South Korea to boost surveillance, strike power against North

US Army soldiers with M1A2 tanks participating in a defence exercise conducted to simulate a response to an attack from North Korea, at a drill field in Gyeonggi province, South Korea, yesterday.
US Army soldiers with M1A2 tanks participating in a defence exercise conducted to simulate a response to an attack from North Korea, at a drill field in Gyeonggi province, South Korea, yesterday.PHOTO: EUROPEAN PRESSPHOTO AGENCY

It will lease spy satellites, push for capabilities to hit Pyongyang's military facilities

SEOUL • South Korea yesterday announced it would lease several military spy satellites from a foreign country and improve its striking capabilities to destroy key military facilities across the border.

The Ministry of National Defence said it plans to pour 238.2 trillion won (S$292 billion) into a number of projects aimed at boosting its defences and combat power.

Part of the money will be spent on the one-trillion-won "425 Project" to acquire five military satellites by 2022. Before that, Seoul plans to lease satellites from other countries.

"We are in talks with three to four countries," a senior ministry official told reporters in a background briefing, reported Yonhap news agency. "We hope to sign a contract with a certain nation by early next year if possible," he said yesterday.

South Korea is developing a three-pillared national defence system against North Korea. The system consists of the Kill Chain pre-emptive strike system; the Korean Air and Missile Defence (KAMD); and the Korea Massive Punishment and Retaliation Plan (KMPR), which involves eliminating the North Korean leadership and annihilating Pyongyang with a barrage of missiles.

These three elements were initially planned for deployment in the mid-2020s, but last October, South Korea said the timeline would be brought forward to the early 2020s. North Korea conducted its fifth and most powerful nuclear test last September.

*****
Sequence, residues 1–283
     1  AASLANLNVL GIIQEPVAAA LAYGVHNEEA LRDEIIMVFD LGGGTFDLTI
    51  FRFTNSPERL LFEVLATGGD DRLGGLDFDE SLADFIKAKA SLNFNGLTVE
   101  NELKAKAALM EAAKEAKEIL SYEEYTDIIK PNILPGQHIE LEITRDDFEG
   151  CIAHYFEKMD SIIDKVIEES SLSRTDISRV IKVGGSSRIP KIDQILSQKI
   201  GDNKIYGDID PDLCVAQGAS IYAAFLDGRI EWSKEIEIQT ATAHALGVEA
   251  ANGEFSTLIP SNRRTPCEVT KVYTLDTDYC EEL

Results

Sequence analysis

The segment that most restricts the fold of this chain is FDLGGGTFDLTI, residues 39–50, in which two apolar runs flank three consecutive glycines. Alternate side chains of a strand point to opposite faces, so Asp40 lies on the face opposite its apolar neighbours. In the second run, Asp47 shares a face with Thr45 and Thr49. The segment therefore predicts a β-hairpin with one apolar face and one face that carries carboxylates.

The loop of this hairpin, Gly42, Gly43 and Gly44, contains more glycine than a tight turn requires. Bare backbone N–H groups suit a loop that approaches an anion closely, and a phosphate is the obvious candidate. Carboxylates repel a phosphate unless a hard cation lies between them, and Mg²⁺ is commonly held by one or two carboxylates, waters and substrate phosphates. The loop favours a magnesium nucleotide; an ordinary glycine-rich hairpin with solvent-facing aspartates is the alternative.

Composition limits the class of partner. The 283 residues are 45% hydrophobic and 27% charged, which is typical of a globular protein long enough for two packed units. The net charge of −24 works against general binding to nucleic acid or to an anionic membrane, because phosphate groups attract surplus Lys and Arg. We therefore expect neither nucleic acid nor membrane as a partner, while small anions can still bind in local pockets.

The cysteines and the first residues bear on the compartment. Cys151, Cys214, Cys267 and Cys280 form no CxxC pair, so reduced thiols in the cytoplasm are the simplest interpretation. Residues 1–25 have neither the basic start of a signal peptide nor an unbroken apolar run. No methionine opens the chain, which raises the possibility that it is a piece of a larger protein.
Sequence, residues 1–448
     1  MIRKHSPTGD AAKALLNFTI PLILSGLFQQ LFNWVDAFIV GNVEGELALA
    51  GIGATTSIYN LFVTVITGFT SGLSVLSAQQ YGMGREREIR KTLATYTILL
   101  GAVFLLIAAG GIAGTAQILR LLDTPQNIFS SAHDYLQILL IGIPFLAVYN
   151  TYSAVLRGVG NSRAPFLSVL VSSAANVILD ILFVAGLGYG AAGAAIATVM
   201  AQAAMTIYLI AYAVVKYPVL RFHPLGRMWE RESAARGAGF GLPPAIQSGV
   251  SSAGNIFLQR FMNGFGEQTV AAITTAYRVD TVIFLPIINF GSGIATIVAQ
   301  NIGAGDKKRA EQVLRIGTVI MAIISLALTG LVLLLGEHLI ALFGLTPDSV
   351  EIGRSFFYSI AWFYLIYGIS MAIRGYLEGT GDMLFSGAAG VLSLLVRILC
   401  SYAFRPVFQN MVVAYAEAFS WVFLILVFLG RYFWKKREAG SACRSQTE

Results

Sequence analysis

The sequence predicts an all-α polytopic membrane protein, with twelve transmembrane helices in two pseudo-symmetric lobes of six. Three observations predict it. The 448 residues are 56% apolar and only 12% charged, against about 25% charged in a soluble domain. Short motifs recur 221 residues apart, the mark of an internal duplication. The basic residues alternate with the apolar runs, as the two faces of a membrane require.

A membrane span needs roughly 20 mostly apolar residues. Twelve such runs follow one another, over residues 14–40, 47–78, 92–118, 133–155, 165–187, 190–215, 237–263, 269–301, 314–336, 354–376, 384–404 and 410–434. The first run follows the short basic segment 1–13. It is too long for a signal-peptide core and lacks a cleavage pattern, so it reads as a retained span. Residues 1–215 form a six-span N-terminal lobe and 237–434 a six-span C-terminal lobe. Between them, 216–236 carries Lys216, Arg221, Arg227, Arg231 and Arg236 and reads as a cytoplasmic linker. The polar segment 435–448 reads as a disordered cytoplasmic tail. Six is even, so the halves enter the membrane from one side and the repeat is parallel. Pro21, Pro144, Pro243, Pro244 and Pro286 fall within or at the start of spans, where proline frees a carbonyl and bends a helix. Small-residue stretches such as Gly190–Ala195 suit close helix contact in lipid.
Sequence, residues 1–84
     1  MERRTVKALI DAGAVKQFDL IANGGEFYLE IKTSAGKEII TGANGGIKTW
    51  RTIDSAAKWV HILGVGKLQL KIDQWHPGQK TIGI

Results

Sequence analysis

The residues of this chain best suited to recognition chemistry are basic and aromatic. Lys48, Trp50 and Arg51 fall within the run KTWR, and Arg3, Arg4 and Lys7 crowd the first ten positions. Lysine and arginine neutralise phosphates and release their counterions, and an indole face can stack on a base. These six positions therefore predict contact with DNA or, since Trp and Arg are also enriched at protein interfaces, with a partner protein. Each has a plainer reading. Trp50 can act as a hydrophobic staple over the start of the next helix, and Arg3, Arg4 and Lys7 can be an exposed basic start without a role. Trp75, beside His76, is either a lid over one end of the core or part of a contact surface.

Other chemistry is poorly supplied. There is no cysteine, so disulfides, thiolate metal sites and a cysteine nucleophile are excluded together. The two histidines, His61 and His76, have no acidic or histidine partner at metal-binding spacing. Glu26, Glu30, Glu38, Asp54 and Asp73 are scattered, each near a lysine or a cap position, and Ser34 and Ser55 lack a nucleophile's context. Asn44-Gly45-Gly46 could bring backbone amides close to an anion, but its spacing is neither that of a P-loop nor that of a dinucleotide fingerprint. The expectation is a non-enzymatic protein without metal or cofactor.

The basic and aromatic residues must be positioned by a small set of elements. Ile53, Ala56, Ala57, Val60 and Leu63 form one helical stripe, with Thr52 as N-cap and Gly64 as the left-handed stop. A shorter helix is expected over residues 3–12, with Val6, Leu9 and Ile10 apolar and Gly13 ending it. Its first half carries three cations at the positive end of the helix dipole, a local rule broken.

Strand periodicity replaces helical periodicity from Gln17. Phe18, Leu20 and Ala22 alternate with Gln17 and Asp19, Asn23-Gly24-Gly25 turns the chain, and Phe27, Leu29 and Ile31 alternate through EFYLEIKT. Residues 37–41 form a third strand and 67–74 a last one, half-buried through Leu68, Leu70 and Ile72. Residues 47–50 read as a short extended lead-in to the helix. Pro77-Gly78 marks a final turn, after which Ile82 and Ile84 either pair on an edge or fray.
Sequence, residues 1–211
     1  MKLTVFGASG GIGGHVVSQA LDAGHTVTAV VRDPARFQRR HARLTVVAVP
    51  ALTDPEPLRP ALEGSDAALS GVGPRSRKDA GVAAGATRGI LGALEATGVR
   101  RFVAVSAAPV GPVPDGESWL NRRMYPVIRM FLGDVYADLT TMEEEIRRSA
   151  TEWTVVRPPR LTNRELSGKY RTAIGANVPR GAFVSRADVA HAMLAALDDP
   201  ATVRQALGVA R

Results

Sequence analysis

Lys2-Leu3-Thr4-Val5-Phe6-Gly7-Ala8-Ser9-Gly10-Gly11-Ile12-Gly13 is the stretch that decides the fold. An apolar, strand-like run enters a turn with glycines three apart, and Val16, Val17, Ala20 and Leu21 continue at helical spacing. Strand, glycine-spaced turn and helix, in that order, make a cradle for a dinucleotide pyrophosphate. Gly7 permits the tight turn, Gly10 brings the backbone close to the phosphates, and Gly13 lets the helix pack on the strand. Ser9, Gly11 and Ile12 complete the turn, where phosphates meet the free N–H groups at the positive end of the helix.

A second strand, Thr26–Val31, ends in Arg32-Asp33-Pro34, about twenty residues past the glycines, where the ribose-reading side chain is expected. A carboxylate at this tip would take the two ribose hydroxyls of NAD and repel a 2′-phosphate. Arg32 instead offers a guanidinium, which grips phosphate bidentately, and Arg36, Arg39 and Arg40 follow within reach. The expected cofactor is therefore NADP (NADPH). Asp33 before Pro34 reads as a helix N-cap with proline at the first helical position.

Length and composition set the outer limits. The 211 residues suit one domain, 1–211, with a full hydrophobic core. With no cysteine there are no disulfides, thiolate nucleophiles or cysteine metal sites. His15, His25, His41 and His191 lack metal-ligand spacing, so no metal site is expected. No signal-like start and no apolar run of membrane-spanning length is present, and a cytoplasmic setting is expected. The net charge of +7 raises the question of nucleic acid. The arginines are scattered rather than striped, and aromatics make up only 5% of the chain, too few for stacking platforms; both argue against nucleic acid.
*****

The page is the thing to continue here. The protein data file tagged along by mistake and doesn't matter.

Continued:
The military will also push for the early operation of new striking capabilities to destroy the North's key military facilities.

In 2013, Seoul decided to buy 170 Taurus air-to-ground missiles made by the German-Swedish joint venture Taurus Systems, reported The Korea Times.

South Korea is also developing a missile with a range of 800km, in addition to a line of shorter- range ballistic missiles and the 1,000km-range Hyunmoo-3 cruise missile.

For the KAMD project, it has decided to buy additional PAC-3 Patriot missiles and upgrade M-SAM ground-to-air mid-range missiles. More early-warning radars will be purchased, reported Yonhap.

The KMPR project involved the creation of an elite force tasked with eliminating the North's leader Kim Jong Un in the event of war.

The South's military will upgrade UH-60 choppers and other equipment to support the infiltration of special forces into Pyongyang.

On the streets of Seoul, which lies within range of the North's artillery, however, there were few signs of panic among South Koreans.

"Outside South Korea, some people are worried, but we don't feel like that in our daily lives," Ms Choi Na Young, an office worker in central Seoul, told Reuters.

Separately, the US Air Force has deployed a nuclear-sniffer aircraft at its base in Okinawa, Japan, US military newspaper Stars And Stripes reported on Wednesday.

The Boeing WC-135 Constant Phoenix, which specialises in detecting radioactive debris after the detonation of a nuclear device, arrived at Kadena Air Base last week.

A version of this article appeared in the print edition of The Straits Times on April 15, 2017, with the headline 'South Korea to boost surveillance, strike power against North'. Print Edition | Subscribe